Rough Draft Math
There’s a better way for students to learn math, says UD professor Amanda Jansen
Do you remember what it was like to learn math? How challenging it was to find solutions to problems that you didn’t understand? The dread of wrong answers?
Before joining the University of Delaware’s School of Education, Professor Amanda Jansen was a junior high mathematics teacher, and she had these conversations with students all the time. Math should prompt interesting questions, she says, but when students constantly feel pressured to get the “correct” answer, it becomes difficult to view perplexity as a valuable part of the learning experience—as the kind of creative thinking that makes math interesting.
“Most of us have experienced mathematics classrooms where the ‘smart’ students were those who arrived at the correct answers quickly,” Jansen wrote in her new book, Rough Draft Math: Revising to Learn. “Everyone wants to feel smart, and no one wants to feel embarrassed for being wrong.”
Rather than having students internalize that feeling of uncertainty, Jansen argues for a new kind of mathematics instructional approach that emphasizes problem solving as an iterative process, similar to using rough drafts in language arts classrooms.
“Rough draft thinking happens when students share their unfinished, in-progress ideas and remain open to revising those ideas,” Jansen said. In contrast to “final draft” talk, which is presentational and performative, “rough draft” talk is exploratory and uncertain, encouraging students to follow their intellectual curiosity, to take risks and revise their ideas even if they got the “correct” answer on the first try.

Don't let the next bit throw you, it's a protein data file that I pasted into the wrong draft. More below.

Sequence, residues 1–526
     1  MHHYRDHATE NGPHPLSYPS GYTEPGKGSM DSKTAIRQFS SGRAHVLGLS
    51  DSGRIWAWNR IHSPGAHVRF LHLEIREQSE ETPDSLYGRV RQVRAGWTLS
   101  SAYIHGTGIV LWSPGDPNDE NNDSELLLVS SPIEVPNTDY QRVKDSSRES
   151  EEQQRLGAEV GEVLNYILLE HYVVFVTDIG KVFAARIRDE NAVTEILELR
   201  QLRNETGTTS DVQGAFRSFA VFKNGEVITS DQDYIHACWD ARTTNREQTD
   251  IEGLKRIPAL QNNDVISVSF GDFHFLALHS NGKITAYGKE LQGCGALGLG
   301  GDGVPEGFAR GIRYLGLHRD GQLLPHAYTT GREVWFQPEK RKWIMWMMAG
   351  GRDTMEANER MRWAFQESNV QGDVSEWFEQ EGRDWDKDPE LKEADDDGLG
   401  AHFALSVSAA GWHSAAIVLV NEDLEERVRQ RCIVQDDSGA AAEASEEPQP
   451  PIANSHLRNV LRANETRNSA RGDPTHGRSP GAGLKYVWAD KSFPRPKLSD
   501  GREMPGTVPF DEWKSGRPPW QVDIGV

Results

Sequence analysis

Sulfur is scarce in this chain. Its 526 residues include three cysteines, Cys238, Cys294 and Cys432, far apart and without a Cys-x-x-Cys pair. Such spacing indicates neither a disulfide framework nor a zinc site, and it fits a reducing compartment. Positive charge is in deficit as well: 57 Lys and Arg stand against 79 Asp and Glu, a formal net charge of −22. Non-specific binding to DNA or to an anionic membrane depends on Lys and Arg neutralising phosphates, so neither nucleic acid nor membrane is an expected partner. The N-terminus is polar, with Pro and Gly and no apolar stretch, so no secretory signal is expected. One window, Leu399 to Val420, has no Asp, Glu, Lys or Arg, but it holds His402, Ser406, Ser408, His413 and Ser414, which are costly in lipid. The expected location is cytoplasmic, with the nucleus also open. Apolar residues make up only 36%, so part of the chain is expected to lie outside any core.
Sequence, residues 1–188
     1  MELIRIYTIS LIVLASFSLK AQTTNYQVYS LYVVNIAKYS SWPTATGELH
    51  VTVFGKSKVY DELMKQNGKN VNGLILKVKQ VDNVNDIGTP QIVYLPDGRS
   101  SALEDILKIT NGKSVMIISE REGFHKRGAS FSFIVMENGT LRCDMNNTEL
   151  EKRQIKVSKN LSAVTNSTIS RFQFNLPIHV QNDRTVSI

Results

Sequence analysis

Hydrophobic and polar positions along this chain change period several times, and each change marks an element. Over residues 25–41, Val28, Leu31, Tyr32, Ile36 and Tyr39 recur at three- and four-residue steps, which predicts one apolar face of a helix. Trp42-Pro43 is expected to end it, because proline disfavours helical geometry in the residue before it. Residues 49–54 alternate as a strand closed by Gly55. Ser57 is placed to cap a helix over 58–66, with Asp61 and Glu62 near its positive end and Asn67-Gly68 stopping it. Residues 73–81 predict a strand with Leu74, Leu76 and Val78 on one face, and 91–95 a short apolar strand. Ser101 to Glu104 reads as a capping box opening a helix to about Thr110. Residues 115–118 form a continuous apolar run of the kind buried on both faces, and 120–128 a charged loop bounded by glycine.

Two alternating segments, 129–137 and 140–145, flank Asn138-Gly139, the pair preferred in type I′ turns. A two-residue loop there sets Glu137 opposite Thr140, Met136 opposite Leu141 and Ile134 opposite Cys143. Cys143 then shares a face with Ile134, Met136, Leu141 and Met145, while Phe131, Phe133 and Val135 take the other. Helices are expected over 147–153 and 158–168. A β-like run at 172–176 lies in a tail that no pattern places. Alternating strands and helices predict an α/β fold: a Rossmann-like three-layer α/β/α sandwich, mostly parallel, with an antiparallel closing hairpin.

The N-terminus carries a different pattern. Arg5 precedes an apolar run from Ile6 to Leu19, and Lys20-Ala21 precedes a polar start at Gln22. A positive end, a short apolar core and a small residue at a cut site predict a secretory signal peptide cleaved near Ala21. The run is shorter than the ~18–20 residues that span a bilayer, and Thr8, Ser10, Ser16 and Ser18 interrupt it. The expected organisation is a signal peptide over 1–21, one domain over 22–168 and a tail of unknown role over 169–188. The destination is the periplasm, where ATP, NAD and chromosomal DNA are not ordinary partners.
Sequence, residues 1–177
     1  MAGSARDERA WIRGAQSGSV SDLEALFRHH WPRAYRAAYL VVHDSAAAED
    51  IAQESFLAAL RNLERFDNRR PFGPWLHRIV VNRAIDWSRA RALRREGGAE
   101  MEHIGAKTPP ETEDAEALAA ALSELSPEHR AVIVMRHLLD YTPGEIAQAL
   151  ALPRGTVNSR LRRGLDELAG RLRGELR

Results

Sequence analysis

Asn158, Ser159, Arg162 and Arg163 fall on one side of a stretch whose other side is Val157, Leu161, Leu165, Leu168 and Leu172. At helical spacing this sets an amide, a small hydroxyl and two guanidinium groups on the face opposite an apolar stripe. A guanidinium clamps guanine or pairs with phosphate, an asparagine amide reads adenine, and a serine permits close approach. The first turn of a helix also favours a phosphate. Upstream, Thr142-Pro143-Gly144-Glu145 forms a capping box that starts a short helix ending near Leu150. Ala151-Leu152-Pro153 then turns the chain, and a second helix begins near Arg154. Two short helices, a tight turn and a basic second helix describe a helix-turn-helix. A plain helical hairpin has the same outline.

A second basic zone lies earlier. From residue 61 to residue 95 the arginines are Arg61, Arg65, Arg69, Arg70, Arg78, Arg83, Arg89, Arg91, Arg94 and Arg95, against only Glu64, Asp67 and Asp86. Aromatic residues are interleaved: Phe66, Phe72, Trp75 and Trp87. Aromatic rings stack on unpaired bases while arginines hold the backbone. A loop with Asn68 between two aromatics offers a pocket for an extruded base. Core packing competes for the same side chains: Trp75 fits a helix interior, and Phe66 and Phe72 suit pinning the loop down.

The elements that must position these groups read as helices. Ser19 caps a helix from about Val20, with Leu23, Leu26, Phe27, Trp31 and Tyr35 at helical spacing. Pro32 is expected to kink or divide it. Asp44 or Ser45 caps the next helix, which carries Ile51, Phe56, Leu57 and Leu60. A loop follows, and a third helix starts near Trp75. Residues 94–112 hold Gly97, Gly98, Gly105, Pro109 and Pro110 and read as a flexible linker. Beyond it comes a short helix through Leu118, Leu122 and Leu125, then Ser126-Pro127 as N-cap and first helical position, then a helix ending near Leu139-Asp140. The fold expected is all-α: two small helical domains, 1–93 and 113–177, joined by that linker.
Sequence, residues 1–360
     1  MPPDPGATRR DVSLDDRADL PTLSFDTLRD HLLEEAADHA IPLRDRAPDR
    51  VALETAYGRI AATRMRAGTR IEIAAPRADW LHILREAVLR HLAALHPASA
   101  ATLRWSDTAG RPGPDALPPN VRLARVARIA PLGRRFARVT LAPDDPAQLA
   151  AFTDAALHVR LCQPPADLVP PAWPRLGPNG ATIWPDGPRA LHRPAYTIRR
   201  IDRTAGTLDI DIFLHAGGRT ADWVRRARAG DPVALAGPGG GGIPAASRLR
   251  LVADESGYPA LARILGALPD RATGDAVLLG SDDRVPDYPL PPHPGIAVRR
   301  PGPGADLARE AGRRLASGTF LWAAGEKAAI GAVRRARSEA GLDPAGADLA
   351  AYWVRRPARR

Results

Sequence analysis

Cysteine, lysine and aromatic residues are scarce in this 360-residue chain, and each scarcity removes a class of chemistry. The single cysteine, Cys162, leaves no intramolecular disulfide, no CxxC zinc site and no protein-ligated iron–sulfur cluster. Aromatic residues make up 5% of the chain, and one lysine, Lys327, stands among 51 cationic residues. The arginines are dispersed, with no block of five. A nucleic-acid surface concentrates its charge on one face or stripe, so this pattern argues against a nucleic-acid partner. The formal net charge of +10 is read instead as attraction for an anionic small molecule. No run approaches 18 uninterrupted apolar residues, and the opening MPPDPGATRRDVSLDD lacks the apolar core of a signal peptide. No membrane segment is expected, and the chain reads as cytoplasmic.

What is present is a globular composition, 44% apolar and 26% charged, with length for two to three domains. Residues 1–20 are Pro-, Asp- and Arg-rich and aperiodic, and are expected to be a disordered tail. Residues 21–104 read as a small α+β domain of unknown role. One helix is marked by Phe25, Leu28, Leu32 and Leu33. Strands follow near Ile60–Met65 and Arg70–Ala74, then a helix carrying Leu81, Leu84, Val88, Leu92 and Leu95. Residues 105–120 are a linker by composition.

What is Rough Draft Thinking?
When it comes to rough draft thinking, answers matter less than process. Sharing unfinished “drafts” and revising emerging ideas provide opportunities for students to change their approach to solving a problem or explaining a solution.
“Learning is messy business. When we learn, we actively work to make sense of an idea that does not make sense to us yet,” said Jansen, who began the research for Rough Draft Math in 2016 during a state-wide study group for middle and high school math teachers in Delaware. From there, the project snowballed, ultimately collecting data from 18 teachers in 16 schools, including 15 teachers in Delaware.
“As more teachers learned about the ideas, more teachers invited me into their classrooms or contacted me to share how they used rough drafts in their classroom,” Jansen said.
One of those teachers is Brandy Cooper, who teaches sixth-grade math at Milford Central Academy and co-wrote the article “Rough-Draft Talk in Mathematics Classrooms” with Jansen and Delaware middle school teachers Stefanie Vascellaro and Philip Wandless, published in Mathematics Teaching in the Middle School in 2016. The goal of rough draft thinking, Cooper said, is for students to feel comfortable sharing their unfinished ideas.
“When a student shares an answer, we take time to think through it together,” says Cooper. “I feel this creates a more curious culture in my classroom.”